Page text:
So last Friday I was asked by Jessie, lead singer with “Scarlet” to join them on their Shrewsbury leg of their tour as support for “T’Pau” on their 30-anniversary tour. Anyone, that old enough to remember “T’Pau” will know their hit single “China In Your Hand” well that hit No 1 in the charts 30 years ago! wow makes me feel very old (which I suppose I am to some folk!)
Anyway, what would anyone say who had a massive crush on Carol Decker (lead singer with T’Pau)… I jumped at the chance.
Jessie from “Scarlet” is a good friend of mine, I used to work with her and I’ve always loved her passion for music and life in general.
Jessie picked me and my camera gear up at 11.30 am on a Friday morning and together with Jessie’s boyfriend Joe we made our way to Liverpool first, to pick up the band gear and meet up with the other band members.
After a quick coffee, the gear was loaded and we set off to “The Buttermarket” Shrewsbury for the gig. Listening to “The Spice Girls” on the way there!! Yeah, I did say “The Spice Girls”!!
We were told to get to the venue at 4 pm and guess what at 3.59 we arrived. That Jessie is one bloody good driver even if she does go round roundabouts three times just to make sure. Outside the venue just as we pulled up a big white van also pulled up and sat in the passenger seat I could see the red hair of Carol Decker, we had arrived at exactly the same time.
With the gear, all unloaded into the venue (Scarlets and T’Pau’s) it was time to have a look round the place. I had, as I always do with new venues, looked at some images online. It wasn’t as big as what I thought it would have been but seemed to have some good lighting (the first thing I tend to check out)
We then walked over to where they promoters ad set up some tea and coffee just as Carl Decker came into the place. Jessie introduced herself and Carol took the time to ask each of us our names and gave us all a lovely friendly greeting. What a lovely but very professional artist she is.
We all had a quick coffee and then a little rest while things were getting set up ready for the sound checks. During which time “G” the bass player with “Scarlet” had found “Hetty” the venues hoover and had decided to plug it in and give the place a little spring clean much to the amusement f the rest of the band.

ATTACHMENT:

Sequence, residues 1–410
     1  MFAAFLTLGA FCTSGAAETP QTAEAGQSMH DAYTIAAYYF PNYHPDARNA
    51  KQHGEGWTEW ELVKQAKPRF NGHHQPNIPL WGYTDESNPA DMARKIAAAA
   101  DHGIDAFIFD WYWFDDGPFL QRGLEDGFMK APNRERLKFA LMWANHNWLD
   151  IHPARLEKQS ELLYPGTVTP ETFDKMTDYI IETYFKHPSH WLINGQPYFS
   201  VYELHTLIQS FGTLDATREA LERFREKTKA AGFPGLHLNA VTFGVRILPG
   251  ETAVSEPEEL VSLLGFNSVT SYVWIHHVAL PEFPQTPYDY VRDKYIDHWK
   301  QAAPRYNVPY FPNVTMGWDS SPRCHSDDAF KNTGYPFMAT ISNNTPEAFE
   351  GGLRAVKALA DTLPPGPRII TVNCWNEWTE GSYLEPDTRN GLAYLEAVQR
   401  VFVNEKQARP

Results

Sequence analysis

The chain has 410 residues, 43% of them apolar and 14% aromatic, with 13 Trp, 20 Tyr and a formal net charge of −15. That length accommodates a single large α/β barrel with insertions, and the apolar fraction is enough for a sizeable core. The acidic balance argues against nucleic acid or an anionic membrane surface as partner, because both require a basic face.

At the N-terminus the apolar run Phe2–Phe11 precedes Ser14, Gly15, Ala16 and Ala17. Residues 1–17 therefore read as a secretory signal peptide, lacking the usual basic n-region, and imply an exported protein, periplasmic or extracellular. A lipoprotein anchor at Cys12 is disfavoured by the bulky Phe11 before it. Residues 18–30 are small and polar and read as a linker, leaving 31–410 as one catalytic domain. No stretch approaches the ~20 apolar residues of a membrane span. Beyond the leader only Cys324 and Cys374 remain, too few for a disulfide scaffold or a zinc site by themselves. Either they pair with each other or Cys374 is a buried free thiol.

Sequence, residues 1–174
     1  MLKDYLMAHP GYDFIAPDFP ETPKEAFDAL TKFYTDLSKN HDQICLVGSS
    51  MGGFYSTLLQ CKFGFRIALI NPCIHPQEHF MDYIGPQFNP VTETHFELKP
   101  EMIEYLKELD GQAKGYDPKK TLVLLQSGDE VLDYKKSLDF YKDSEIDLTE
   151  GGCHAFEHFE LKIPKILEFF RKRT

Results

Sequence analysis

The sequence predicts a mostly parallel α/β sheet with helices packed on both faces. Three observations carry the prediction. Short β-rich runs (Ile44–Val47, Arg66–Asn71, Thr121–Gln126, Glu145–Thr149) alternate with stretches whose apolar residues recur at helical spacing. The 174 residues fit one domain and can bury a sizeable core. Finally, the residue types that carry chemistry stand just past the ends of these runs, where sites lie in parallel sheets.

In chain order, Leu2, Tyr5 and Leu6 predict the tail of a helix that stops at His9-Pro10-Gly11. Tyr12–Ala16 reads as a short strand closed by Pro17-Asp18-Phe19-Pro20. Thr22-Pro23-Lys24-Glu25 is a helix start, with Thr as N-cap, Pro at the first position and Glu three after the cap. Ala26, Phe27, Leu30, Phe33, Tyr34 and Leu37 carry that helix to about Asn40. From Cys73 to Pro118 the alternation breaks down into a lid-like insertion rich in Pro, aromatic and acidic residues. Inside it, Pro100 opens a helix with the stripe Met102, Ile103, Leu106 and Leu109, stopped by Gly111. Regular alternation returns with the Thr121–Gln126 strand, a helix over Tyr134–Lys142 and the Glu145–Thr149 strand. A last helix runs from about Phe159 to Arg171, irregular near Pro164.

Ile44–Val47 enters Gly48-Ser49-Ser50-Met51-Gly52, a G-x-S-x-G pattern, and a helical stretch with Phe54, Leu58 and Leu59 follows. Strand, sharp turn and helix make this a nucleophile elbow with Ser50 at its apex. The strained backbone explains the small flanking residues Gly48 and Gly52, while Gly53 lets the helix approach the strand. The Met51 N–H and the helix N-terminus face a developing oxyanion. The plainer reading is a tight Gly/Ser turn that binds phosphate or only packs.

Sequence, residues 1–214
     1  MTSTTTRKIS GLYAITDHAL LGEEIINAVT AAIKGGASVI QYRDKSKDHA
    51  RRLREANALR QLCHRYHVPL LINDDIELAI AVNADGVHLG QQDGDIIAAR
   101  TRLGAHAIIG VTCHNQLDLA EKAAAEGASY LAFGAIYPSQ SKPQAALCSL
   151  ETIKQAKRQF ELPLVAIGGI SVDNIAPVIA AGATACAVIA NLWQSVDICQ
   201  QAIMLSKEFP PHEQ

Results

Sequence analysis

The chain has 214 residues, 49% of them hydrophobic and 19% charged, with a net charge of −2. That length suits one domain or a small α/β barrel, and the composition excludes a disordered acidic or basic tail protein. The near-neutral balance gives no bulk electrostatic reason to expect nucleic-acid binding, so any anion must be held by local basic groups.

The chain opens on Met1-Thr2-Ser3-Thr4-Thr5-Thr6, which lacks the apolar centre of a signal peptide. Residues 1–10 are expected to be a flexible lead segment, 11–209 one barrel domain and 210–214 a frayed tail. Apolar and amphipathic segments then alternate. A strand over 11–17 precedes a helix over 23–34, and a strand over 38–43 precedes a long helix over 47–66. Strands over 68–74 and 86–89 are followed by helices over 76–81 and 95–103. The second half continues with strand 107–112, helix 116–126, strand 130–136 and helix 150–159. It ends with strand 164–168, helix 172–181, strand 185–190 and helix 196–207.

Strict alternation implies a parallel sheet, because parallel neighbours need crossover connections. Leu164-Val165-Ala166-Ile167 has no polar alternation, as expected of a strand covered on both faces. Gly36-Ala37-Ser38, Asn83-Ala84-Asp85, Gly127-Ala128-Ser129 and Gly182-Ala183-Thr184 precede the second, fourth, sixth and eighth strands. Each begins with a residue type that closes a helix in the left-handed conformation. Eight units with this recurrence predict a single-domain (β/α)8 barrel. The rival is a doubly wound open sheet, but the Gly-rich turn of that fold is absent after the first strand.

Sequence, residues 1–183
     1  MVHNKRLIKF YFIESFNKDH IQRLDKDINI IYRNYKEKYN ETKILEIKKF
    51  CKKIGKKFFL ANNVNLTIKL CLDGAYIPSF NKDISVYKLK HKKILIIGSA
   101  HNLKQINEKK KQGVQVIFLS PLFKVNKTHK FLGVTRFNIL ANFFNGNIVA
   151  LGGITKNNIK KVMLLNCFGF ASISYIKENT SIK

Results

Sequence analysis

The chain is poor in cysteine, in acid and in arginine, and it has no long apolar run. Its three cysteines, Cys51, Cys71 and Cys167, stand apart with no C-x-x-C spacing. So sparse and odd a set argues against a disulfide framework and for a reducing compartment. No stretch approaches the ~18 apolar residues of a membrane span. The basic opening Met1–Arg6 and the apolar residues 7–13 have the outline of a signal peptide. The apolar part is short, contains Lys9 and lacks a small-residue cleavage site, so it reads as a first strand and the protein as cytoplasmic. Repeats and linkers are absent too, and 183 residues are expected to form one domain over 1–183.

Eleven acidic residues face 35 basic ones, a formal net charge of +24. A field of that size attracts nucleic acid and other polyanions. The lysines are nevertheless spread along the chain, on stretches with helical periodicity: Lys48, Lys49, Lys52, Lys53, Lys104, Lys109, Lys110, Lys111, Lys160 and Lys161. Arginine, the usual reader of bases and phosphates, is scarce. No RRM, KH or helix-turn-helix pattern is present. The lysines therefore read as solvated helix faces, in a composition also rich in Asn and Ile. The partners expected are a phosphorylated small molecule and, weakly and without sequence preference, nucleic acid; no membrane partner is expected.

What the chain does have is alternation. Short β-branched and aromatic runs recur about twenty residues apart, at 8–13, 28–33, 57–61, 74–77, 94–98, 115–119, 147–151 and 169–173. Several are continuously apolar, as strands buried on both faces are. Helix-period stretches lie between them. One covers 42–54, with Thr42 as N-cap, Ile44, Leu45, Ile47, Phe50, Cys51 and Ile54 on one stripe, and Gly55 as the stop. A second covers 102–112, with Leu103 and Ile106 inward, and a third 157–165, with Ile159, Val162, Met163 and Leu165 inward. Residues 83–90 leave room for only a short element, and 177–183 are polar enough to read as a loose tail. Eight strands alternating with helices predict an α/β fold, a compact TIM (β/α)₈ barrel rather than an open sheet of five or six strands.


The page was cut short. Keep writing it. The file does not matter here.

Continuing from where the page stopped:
With time getting on we all then decided to go for a bite to eat and found a nice Burger bar just around the corner from the venue. Jessie got what looked like a very tempting milkshake to go with her burger and I must admit to wanting to nick it while her back was turned.
Back at the venue after our fill up we caught the end of T’Pau’s sound check and then it was “Scarlets” sound check, which even though I don’t know that much about this sort of thing sounded very good indeed.
So with everything set up and ready to go It was off to the “Green Room” for a chill and a drink, water only for me, one of my rules when I’m shooting is never to touch beer, even though we had enough bottles of beer for us all.
After what seemed like a very short time we got the call that “Scarlet” was on so I then go into photographer mode and nip back in and start shooting the live music stuff. “Scarlet” smashed it as always starting off with “Alone” my fave track by them.
Before I knew it I was photographing T’Pau and Carol Decker. Carol still has it rocking away like a good un and the voice is still as powerful and clear as it ever was. Her fans lapped it up.
So, all in all, a very good day again with “Scarlet” Big thanks to all involved, “Scarlet”, “The Buttermarket”, “T’Pau” and everyone else I was lucky to meet that day. Good luck also with the rest of the tour Jessie, Adam, G, and Jake ……. Scarlet
See more of my images from the day here:–
As an after note, I did ask Jessie for her thoughts on us Gig Photographers, this is what Jessie said
“Literally, photographers document a bands existence, without them, bands would not exist in the public eye. They produce a vibe that people can connect or disconnect with- they help an audience have an opinion and bridge the gap between performer and audience making the performers almost accessible, yet their editing skills make the photographs/performer look untouchable at the same time”